With their allusions to high strangeness of all types, Blue Öyster Cult’s album covers performed the same function as their content and—whether by accident, design, or coincidence—featured several of the artists who contributed to defining the pop aesthetic of the day, the influence of which continues to loom over our own times.

Blue Öyster Cult (1972) and Tyranny and Mutation (1973)

The memorable artwork featured on the covers of the first two Blue Öyster Cult releases was the work of Bill Gawlik. By all accounts a singular personality about whom little is known, Gawlick, who made ends meet by working nights as a taxi driver in New York City, had apparently been a student at the Rhode Island School Of Design (in the historic district of Providence, Rhode Island, just around the corner from H.P. Lovecraft’s former home on Angell Street) and the Parsons School of Design in Greenwich Village, and had also studied under architect, urban planner, and furniture designer William Katavolos (famous for his steel tubing and leather T-Chair) at the Pratt Institute in Brooklyn before transferring to Stony Brook University, where he met fellow students Pearlman and Meltzer. Gawlick was engaged after Pearlman saw the architectural drawings in which Gawlick detailed his vision of the future of America using a Pelikan pen on rolls of butcher paper, and was reportedly paid $500 for each cover.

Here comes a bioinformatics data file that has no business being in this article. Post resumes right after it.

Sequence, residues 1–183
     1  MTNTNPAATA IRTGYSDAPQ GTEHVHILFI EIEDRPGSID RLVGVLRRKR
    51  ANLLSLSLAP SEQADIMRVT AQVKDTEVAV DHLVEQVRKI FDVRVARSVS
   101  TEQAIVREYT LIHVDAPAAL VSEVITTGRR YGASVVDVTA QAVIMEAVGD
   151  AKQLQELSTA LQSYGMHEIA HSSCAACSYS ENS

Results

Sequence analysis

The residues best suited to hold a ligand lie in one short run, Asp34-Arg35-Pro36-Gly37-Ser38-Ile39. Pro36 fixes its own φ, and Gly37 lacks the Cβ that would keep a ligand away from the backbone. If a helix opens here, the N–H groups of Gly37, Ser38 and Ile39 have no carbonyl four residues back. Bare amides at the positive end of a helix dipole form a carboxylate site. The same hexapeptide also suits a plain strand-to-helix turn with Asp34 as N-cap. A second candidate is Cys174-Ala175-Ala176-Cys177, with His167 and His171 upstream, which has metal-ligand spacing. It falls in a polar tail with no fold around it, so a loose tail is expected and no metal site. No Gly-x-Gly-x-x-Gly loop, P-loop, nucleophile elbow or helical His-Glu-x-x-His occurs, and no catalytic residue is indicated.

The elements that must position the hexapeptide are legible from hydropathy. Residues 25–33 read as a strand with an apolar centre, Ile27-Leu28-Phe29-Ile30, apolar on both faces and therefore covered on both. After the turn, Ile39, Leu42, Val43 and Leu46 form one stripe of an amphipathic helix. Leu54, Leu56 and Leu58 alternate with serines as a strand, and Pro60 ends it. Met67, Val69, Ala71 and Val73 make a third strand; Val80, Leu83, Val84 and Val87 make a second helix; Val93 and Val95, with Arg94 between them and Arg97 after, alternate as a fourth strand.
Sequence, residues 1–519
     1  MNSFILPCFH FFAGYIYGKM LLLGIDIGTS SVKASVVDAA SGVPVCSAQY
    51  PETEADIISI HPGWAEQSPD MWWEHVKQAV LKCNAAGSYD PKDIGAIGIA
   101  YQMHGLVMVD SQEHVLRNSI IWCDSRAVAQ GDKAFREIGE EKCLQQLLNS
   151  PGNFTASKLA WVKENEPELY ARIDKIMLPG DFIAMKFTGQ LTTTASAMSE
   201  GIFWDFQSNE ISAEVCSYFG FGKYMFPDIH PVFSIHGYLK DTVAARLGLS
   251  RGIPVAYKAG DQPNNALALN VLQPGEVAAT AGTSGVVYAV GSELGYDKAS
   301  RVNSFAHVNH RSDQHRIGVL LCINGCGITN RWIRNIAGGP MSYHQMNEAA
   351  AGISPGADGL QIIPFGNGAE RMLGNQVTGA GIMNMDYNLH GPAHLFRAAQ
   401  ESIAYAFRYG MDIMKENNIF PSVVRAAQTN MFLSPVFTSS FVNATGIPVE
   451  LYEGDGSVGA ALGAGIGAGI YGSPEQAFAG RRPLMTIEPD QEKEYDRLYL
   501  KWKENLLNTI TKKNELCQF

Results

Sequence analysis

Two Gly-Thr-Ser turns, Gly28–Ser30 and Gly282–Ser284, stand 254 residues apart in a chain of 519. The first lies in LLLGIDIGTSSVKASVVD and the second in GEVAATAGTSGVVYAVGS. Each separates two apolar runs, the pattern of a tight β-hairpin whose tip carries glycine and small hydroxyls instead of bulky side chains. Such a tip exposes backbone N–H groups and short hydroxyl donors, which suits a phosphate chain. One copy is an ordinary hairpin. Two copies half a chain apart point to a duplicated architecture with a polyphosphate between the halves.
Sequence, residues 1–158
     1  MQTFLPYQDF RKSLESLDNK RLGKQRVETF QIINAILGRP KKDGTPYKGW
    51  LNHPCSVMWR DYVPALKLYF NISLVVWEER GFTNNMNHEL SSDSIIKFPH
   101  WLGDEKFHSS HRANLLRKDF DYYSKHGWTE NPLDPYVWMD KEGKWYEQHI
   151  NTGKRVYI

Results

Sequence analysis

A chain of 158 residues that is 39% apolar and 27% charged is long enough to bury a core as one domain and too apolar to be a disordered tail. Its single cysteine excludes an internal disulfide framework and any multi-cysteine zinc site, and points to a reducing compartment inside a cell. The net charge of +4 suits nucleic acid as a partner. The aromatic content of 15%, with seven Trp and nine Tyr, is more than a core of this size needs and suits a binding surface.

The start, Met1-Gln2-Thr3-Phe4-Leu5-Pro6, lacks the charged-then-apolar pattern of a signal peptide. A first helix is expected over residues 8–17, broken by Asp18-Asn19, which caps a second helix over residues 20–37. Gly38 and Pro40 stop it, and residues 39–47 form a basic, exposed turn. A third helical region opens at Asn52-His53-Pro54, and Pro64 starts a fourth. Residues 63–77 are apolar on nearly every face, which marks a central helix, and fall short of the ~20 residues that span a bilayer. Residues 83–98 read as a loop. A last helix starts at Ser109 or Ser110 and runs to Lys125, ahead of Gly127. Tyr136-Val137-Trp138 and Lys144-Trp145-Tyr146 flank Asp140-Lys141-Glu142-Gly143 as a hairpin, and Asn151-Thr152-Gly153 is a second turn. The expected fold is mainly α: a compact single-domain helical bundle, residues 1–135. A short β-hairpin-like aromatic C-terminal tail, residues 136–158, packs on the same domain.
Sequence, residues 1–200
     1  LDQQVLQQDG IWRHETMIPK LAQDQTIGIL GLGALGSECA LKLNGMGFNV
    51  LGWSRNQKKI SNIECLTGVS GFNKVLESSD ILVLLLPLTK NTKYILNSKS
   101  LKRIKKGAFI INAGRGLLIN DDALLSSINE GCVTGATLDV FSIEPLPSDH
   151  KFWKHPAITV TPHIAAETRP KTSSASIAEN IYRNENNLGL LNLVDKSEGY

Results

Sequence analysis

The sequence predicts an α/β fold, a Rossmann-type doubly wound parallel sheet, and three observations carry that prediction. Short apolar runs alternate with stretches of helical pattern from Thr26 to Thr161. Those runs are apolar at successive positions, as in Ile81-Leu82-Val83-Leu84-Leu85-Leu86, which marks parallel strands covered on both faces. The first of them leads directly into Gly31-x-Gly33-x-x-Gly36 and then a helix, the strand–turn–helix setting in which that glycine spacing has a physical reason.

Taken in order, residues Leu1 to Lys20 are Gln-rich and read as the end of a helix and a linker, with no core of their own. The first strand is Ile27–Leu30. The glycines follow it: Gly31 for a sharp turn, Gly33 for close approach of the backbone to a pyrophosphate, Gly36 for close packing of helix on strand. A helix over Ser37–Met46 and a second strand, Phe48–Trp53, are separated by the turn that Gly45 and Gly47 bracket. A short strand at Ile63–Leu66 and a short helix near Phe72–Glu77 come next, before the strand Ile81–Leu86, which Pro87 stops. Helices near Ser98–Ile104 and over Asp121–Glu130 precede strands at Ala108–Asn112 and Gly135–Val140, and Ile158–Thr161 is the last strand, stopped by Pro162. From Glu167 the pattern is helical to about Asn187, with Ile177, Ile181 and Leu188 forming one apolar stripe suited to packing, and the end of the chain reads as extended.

Anecdotal contemporary accounts mention Gawlick’s influences including Albert Speer, the architect Hitler had charged with designing the urban landscape of the future Europe (and a proponent of “ruin value,” the idea that buildings should be designed so as to leave behind aesthetically pleasing, inspiring ruins when they inevitably collapsed), but Gawlick’s style—or at least what we can see of it on these two LP covers—appears to have less in common with Speer’s metastasizing classical triumphalism and more with the work of Futurist architects like Mario Chiattone and Antonio Sant’Eliaor with the draftsmanship of underground comics illustrator Paul Kirchner.

In addition to providing the band with the title of their second LP, Tyranny And Mutation, Gawlick was also responsible for devising Blue Öyster Cult’s memorable logoa hooked cross with a dot at the center, allegedly based on the symbol of Greek agricultural god and “harvester” of human life Cronos. A direct ancestor of the Grim Reaper, Cronos was known in Roman cosmology as Saturn, and the symbol’s hook represents the sickle he used to castrate and depose Uranus, his father.

The two covers’ profoundly eerie metaphorical spaces, devoid of any trace of humanity and nodding to the lysergic perspectives and repetitions of underground comic art, yet executed with a peculiarly alienating rigor, provided a perfect framing device for the twitchy, idiosyncratic music within. After his work for BÖC, all public traces of Gawlick vanish entirely.

Secret Treaties (1974)